This course emphasizes interactions between turfgrass and its environment and how management impacts turfgrass playability and survival. This course addresses management of turfgrasses in highly managed areas of golf courses, sports fields and lawns. Students learn the principles of plant nutrition and the technologies and methods of proper fertilization. This course specifically addresses rootzone management and remediation of poor rootzones.
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Academic Department (or campus):
Class Schedule and Location:
Upon completion of this course the student should understand turfgrass management for golf, sports fields, sod production and home lawns, specifically in the area of root zone management. The course will emphasize fertility, thatch management, and environmental impact of turfgrass management.
After the completion of the course students will:
- Have a firm understanding of how plants, root zones, and management impact ecology and use of managed turfgrass ecosystems
- Be able to synthesize knowledge from previous courses about biology, soils, and management into a comprehensive understanding of management plans
- Be able to critically analyze new information in the field of turfgrass management within the context of scientific knowledge
- Be able to identify the mechanisms of release of different fertilizer technologies and incorporate them into a fertility management program for turfgrass systems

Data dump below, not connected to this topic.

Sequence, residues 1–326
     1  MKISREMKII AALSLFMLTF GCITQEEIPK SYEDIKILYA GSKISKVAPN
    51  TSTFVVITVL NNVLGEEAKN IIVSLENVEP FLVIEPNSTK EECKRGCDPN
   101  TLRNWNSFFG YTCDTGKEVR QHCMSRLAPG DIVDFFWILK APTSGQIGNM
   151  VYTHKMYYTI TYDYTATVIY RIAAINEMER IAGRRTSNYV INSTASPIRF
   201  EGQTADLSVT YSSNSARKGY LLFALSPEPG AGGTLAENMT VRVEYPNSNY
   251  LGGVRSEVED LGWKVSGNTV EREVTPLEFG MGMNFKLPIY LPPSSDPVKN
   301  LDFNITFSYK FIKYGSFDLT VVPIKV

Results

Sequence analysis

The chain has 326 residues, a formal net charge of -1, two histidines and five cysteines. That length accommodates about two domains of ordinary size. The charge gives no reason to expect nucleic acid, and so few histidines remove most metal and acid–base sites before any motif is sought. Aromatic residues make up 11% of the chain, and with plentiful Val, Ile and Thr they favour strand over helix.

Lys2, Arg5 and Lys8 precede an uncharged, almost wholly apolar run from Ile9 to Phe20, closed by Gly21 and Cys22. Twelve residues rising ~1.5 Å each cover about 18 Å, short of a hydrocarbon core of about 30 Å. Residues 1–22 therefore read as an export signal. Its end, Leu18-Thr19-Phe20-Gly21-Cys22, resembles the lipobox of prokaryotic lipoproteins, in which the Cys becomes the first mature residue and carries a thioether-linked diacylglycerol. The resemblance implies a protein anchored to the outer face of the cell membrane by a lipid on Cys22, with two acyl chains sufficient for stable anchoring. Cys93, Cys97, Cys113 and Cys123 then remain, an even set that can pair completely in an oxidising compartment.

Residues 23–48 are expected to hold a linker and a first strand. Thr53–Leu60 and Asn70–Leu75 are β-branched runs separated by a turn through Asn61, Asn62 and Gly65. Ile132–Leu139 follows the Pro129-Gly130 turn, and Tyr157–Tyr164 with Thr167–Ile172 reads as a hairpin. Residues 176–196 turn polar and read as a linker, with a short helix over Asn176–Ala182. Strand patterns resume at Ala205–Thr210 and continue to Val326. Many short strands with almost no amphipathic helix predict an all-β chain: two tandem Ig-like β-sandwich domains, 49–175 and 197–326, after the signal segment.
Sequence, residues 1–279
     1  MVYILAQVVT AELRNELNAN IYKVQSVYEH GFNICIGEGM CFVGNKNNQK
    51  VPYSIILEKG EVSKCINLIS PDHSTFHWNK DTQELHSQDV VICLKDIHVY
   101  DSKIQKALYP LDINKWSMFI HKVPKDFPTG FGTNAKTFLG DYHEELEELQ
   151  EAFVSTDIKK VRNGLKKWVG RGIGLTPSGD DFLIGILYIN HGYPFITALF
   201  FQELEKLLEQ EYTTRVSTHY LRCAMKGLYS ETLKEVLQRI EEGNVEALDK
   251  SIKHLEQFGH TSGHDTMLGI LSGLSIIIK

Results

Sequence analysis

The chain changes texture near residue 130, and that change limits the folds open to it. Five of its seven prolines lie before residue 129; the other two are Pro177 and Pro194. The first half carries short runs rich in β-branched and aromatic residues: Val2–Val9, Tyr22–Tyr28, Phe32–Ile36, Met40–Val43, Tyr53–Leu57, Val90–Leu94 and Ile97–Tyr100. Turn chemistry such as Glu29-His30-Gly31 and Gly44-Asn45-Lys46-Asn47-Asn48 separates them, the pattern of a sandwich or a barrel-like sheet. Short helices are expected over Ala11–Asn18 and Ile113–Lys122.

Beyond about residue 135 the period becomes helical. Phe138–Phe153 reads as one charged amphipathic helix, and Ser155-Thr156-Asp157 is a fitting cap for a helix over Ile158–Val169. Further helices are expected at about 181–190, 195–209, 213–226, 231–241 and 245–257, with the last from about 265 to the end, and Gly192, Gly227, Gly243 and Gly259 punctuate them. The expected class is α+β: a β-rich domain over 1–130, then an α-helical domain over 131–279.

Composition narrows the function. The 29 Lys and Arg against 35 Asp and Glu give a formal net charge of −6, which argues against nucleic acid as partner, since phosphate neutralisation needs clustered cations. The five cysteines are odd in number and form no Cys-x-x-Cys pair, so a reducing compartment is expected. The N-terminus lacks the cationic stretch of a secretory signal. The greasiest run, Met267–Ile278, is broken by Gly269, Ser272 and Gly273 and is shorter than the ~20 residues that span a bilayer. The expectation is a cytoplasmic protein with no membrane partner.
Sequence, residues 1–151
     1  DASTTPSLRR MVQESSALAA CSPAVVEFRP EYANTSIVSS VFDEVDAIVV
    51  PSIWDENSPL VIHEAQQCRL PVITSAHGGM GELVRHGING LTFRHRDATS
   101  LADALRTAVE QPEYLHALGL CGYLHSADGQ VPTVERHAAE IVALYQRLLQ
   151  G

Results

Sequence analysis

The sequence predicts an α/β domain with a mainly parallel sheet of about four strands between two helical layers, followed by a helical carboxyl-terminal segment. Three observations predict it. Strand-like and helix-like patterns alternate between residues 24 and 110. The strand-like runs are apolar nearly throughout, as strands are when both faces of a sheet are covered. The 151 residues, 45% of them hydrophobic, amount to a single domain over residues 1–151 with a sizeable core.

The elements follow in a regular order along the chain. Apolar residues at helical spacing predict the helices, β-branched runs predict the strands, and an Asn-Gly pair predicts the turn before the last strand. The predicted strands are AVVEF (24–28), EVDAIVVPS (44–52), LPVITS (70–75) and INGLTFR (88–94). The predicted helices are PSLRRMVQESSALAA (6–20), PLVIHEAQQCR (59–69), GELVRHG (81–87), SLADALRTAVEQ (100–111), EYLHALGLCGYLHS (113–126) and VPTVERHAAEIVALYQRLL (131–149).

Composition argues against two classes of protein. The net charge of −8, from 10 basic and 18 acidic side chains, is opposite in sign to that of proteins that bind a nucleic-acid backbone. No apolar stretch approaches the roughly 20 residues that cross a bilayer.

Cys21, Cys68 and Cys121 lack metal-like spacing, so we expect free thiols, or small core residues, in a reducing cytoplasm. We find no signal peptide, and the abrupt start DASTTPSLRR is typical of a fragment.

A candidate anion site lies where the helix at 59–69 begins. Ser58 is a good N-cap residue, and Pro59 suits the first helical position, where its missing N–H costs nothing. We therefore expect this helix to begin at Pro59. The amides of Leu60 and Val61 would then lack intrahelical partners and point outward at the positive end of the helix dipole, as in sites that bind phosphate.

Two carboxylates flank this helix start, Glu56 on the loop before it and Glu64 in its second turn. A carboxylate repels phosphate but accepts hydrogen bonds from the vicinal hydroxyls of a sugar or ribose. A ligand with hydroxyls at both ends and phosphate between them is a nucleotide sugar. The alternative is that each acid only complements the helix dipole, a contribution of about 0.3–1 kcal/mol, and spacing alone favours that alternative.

- Have the ability to communicate clearly and concisely regarding management and use of turfgrass ecosystems.
Topics to be covered in lectures include:
- Turfgrass renovation/species
- Soils and constructed Rootzones
- Mowing and mowers
- Water management
- Testing fertility, Plant Nutrition
- Fertilizer types
- Fertilizer labels
- Fertilization methods
- Thatch management
- Cultivation methods
- Sod production
- Sports field management
- Golf green management
- Sod vs seed
- See production
- Winter survival
- Heat and drought survival
Topics to be covered in labs inculde:
- Plant nutrition and soil type
- Rootzones: USGA Vs. California Greens, Germination Study
- Turf Walk About
- Synthetic Turf Maintenance
- Fertilizer Types and SGN
- Nitrogen Uptake
- Harvest Nutrition and Rootzone
- Turf ID/Share Data from Harvest
- Problem Solving
Course Assignments and Tests:
|Assignment or Test||Contribution to Final Mark|
Labs and Lab Activities
It is highly recommended that the student acquire one of many available textbooks for turfgrass management to use as a resource throughout the course.
Throughout the semester links to industry articles and online resources will be provided to supplement lecture and lab content. These readings will be accessible through CourseLink.
Occasionally the lab section may meet at the GTI or at a local golf course. All of these places are accessible by walking from campus and have parking available.
Students may wish to use a personal hand lens for turfgrass identification.
Turning In Assignments:
Assignments are to be turned in electronically through CourseLink. Assignments sent to the instructors @uoguelph.ca account will not be graded unless specifically authorized! All assignments should be WORD documents (others will be accepted with pre-authorization) and the document will follow the following form for titling: lastname_firstinitial-review1.doc (Lyons_E-review-1), without opening the document the instructor should be able to identify the student and assignment.
Policy on Late Assignments:
All assignments are due at 5 pm on Friday in the week that they are listed as due in the Course Outline. For each business day they are late, 20% will be subtracted from the mark earned on the assignment. The deadline of each day is 5pm.
Missed Exams and Activities: